ByKen Anderson, writer at
Ken Anderson

A recurring theme of the Hollywood award season– that annual televised parade of self-congratulatory, back-slapping rituals celebrating the contributions of the motion picture industry – is how nearly every montage, tribute, and windy acceptance speech is a paean to films’ ability to move, influence, and inspire us.

Well-meaning, “white people solve racism” movies like To Kill a Mockingbird (1962) and The Help (2011) have been cited for assuaging American guilt long enough to incite base levels of human compassion; homoerotic fly-boy movie, Top Gun (1986) significantly boosted Navy enrollment for months after its release; Stanley Kramer’s anti-war film, On the Beach (1959) inspired a scientific authority no less distinguished than two-time Nobel Prize-winner Linus Pauling to declare,

“It may be that some years from now we can look back and say that On the Beach is the movie that saved the world.”

Designer Edith Head and style-conscious movies like Bonnie & Clyde (1967) and Flashdance (1983) inspired women’s fashions nationwide; there’s the perhaps apocryphal legend that Clark Gable’s bare chest in It Happened One Night (1934) caused a 40% drop in undershirt sales that year; and Star Wars jargon and the word “Deep Throat” found their way into the he rhetoric of the Reagan and Nixon administrations, respectively.

When it fits their need to publicize their films as instruments of peace, and a tool capable of inflaming high-minded ideals and benevolent philosophies, Hollywood has no trouble giving credit to motion pictures for being one of the most culturally influential, socially persuasive inventions of the 20th Century.

Yet, whenever it’s suggested that this self-same power might have a simultaneous downside, Hollywood tends to act as if the social influence door swings just one way.

Whenever anyone alludes (as they always do following the by-now tragically familiar occurrence of school shootings) that the numbing violence and romanticized gunplay in today’s films might be a remote stimulus, the response is always, “Movies are just escapist entertainment, they can’t make anybody do anything!”

When a Washington Post film critic made the mistake of singling out Judd Apatow and Seth Rogen (who had a movie to promote, fer chrissake!) in an attempt to draw a provocative and not-unfounded parallel between the misogynistically entitled comments expressed by a mentally-ill shooter and Hollywood’s near-endemic depiction of women as sex trophies and male support systems; some very solid points about the perpetuation of sexist myths found themselves submerged beneath outraged tweets decrying the brass-bottomed gall of someone to dare suggest men (sane or otherwise) might get ideas about how to regard women from movies.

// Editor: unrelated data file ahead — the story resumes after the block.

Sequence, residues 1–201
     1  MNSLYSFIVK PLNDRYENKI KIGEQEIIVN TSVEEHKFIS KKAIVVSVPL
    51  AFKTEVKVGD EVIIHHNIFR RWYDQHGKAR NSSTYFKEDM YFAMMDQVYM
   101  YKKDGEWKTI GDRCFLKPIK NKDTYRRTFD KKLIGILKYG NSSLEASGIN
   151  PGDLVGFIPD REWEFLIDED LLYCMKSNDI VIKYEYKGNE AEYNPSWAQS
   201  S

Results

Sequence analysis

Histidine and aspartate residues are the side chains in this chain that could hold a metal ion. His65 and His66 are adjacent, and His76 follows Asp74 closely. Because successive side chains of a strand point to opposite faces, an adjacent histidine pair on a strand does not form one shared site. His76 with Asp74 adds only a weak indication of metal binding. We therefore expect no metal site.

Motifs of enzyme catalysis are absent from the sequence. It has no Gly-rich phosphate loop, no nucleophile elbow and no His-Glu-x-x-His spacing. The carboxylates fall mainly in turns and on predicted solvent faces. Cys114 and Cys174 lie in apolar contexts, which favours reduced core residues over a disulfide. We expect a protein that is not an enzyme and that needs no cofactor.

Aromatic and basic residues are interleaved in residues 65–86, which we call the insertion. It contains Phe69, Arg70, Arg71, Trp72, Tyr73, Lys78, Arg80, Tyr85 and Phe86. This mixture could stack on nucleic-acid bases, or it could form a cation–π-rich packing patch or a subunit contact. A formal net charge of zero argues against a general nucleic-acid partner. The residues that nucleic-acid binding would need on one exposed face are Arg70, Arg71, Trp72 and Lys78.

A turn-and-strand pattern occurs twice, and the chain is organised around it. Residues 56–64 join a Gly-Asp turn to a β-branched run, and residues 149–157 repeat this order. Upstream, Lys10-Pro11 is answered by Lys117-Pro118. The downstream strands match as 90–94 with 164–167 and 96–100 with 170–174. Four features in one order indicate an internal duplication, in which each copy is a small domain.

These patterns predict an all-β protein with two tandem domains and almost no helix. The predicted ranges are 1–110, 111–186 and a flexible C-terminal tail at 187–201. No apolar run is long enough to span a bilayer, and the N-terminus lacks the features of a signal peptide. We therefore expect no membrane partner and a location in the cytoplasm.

I find it a curious phenomenon to say the least. To propose that totally sane people can glean wonderful things from films, but should anyone pick up anything unsavory…well, that has to be an illness within the individual and movies can’t be held accountable.

It’s certainly curious that in 2002 a U.S. Center for Disease Control and Prevention study found,

“Exposure to smoking in movies increases the risk for smoking initiation."

This finding, along with a strong anti-tobacco lobby, were fairly successful (in a fashion) in getting Hollywood to brand films which featured smoking with an automatic PG or PG-13 rating.

Nothing wrong with that, I suppose, as on some level Hollywood and the public appear to agree that impressionable children can pick up habits from movies.

But replace that cigarette with a gun…well, now you’re in dangerous territory for our firearms-loving Americans.

Gun Happy in "Sabotage"
Gun Happy in "Sabotage"

Bring up the topic of gun violence in movies and you’ll hear a chorus of parents and studio heads alike, chiming in that guns in movies don’t make people pick up guns, gun violence in the movies doesn't promote gun violence, and kids can tell the difference between fact and fantasy. Obviously, children are a walking paradox of simplicity and sophistication.

Take for example the numerous "How old is too young to see a horror film?" discussions you can find online. Taking your pick, the parental consensus seems to be the same: you can take a child as young as 12 to an R-rated horror film (nine or ten if it’s a boy…thank you double-standard), but virtually all draw the line at exposing youngsters to sex and nudity. One gets a better understanding of America’s love affair with its guns when one reads how many parents find wholesale violence, cruelty, and bloodshed to be perfectly suitable “entertainment” for their precious cargo, but will fight tooth-and-nail to make sure their little angels never see unclothed love, affection, or simulated sex.

I think perhaps I understand. The violence and dehumanizing sexism in movies have absolutely no developmental effect on any of us, nor can it adversely impact our culture. On the other hand, explicit nudity and smoking has the power to topple our entire civilization.

The buzzwords here seem to be "cause" and "influence."

I don't believe a film causes anyone to do anything, but in a world where ad agencies pay $4 million for 30 seconds of Superbowl airtime, when little girls wear Disney princess dresses 24/7, when little boys who can't tell you the name of the their grandfather can rattle off the names of all the the X-Men'll never convince me that film is not a powerfully influential medium.

Visit Le Cinema Dreams for more film-related articles.


Latest from our Creators